Twins on holiday

As I’m planning the Christmas break, I am looking back at the summer holiday to Menorca…

Taking a toddler on holiday means a lot more than not being able to go out after dinner. It means lots of time spent in the pool (and less sunbathing), it brings the occasional fight at meal time, but also a generous amount of laughter and smiles. As everything in life, it has its pros and cons.

Taking twins on holiday, on the other hand, pushes this to a higher level. The amount of laughter is double, but there are also twice as many fights for food. There are longer queues for the shower at the end of the day, but there are double cuddles in the morning. You certainly need double the patience and half the appetite (they will NOT eat their food, but they WILL eat yours). The pictures you will take are priceless and see them queing to jump in the pool to daddy is simply unforgettable.

Is it worthy? Well, it depends on your expectations…

Did you want to relax? No way.

Recharge? Not at all.

Get tanned? Nah.

Make memories which will last a lifetime? Yes, you will.

It will be hard to forget the day with three poos in the swim nappy. Very hard!

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Introducing a new dinner time tradition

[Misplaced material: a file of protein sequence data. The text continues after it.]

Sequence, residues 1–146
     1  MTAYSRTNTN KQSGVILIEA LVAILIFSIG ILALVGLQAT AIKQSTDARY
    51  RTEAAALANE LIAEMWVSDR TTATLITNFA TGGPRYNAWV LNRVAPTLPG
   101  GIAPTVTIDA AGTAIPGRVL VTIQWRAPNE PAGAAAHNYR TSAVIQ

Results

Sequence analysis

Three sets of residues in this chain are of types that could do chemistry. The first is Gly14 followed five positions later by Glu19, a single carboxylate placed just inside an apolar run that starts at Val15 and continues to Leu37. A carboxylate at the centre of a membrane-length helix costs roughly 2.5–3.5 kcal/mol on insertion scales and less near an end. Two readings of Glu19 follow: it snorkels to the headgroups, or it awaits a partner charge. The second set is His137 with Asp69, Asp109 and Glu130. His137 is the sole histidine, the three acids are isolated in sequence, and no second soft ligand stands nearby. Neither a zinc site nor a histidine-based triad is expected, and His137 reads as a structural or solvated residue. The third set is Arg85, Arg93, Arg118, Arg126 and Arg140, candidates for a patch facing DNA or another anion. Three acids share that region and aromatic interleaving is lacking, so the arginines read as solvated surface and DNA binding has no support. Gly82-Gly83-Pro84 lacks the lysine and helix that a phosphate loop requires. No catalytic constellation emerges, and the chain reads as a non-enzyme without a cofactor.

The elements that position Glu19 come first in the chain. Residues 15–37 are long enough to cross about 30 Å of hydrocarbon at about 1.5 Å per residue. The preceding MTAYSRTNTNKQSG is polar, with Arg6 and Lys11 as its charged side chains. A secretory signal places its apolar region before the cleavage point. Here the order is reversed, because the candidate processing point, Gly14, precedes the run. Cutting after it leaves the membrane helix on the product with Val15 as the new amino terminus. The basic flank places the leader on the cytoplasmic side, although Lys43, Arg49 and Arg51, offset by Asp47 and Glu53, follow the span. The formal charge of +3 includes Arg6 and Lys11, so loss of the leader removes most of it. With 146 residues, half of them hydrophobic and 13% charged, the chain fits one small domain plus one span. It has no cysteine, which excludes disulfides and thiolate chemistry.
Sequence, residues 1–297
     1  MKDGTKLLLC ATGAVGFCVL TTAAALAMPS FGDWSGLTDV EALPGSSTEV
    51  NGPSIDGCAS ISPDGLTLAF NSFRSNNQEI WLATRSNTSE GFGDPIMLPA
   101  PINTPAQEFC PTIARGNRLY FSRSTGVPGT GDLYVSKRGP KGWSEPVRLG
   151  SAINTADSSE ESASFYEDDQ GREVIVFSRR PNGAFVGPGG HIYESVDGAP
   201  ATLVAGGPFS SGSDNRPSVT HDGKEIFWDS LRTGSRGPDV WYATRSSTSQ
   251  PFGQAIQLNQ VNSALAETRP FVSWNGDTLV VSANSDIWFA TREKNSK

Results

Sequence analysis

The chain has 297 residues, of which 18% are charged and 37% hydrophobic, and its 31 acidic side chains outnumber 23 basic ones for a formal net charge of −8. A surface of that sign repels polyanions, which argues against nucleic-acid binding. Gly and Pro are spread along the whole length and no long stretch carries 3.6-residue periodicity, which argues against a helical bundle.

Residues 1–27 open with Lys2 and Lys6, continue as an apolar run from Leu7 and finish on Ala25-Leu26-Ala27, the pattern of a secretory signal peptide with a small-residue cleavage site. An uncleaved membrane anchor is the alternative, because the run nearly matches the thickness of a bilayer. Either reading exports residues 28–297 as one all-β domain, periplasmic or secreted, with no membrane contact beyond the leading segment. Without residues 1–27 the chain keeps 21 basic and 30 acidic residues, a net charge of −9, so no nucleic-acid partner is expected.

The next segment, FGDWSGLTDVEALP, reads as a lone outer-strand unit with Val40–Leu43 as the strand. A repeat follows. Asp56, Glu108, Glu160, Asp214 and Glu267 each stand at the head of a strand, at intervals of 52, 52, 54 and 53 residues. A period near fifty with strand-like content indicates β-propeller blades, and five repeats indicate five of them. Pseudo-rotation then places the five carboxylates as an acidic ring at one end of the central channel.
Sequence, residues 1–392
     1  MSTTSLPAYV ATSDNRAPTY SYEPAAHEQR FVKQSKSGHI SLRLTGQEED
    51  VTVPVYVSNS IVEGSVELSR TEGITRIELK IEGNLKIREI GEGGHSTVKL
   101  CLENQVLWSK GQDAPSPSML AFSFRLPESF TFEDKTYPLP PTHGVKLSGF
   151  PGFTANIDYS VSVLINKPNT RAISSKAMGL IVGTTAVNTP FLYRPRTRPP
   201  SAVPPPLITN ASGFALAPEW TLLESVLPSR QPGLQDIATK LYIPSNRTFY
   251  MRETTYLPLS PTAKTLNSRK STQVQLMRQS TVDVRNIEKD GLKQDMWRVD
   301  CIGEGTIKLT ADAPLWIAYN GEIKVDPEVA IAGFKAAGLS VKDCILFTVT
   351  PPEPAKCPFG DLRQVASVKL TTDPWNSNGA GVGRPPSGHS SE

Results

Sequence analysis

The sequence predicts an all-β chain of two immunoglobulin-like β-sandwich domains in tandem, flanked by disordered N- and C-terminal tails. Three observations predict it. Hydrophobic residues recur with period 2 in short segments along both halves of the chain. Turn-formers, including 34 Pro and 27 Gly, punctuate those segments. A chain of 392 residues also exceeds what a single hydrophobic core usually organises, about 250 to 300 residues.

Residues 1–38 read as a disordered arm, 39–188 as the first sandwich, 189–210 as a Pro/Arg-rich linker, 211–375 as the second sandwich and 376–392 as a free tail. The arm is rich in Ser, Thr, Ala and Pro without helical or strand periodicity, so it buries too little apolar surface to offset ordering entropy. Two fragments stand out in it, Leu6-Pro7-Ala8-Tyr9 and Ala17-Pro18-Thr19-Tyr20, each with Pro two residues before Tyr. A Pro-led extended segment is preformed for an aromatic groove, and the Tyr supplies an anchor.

I have not been writing much recently as I started a new job in September. This new role is amazing and I never liked a job this much before. Unfortunately it has its drawbacks in the long hours I have to put in and the early mornings start.

As I leave the house before 7, I never get to see the kids before I leave. I don’t really know if it has been more difficult for me to adapt or for them. I never cried, as they did asking for mummy every morning, but I did miss them so much.

Ten weeks in, I’m getting used to it and they barely ask for me when they wake up. It has been a transitioning period but it has been worthy. Mummy now comes home with renewed energy and a smile on her face. She’s happy to play, build puzzles and hide in the castle tent. She is not just dragging herself on the couch to watch one more episode of Blaze The Monster Machine. But most importantly she has also found some time to start a new tea time routine…

To encourage two tired toddlers to eat all of their food in the evenings, we came up with a simple but effective idea: if they eat all their food they can ask (politely!) for a surprise.

The surprise is always edible, but not necessarily sweet. It can vary from olives to chocolate to babybel to slices of banana dusted with nesquick. It doesn’t require much time to prepare, but it did require a good level of imagination and creativity. Sometimes I think of idea ahead of time and I get so excited about them, I am eager for them to finish their food. Sometimes they catch me off guard… What shall I come up with now?!?